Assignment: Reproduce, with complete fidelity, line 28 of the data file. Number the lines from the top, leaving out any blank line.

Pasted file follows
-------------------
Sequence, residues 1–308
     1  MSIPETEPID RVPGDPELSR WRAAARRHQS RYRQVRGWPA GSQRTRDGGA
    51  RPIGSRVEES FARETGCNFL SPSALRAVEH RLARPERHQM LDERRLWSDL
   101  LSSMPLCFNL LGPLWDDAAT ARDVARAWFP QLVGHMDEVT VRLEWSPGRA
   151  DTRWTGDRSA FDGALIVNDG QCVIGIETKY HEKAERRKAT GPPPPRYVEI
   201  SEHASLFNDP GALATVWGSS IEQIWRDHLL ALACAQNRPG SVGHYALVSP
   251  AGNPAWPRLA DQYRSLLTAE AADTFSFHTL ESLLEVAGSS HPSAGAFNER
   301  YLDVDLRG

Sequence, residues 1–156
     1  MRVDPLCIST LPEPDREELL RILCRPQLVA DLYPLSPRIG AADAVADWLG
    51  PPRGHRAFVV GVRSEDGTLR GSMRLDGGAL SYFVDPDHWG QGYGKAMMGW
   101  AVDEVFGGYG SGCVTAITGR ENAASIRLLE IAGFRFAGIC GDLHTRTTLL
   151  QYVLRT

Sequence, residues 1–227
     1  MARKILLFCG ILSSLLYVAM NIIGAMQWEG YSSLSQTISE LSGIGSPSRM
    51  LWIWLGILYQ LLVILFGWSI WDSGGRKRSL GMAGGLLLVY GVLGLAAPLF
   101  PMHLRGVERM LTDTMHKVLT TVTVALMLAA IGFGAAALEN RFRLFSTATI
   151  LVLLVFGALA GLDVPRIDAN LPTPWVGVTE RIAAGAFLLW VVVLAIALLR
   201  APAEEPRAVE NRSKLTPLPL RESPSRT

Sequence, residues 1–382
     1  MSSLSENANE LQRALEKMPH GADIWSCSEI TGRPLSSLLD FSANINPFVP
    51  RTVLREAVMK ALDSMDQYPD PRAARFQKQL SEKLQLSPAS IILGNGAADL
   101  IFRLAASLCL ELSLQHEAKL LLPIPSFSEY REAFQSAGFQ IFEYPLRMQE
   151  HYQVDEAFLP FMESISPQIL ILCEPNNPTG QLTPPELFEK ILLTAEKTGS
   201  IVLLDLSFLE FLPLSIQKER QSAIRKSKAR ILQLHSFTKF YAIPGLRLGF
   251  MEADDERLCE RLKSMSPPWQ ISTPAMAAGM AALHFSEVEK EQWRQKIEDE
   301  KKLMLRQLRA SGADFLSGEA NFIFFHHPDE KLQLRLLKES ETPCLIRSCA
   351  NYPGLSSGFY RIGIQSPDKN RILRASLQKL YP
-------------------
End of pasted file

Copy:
   351  NYPGLSSGFY RIGIQSPDKN RILRASLQKL YP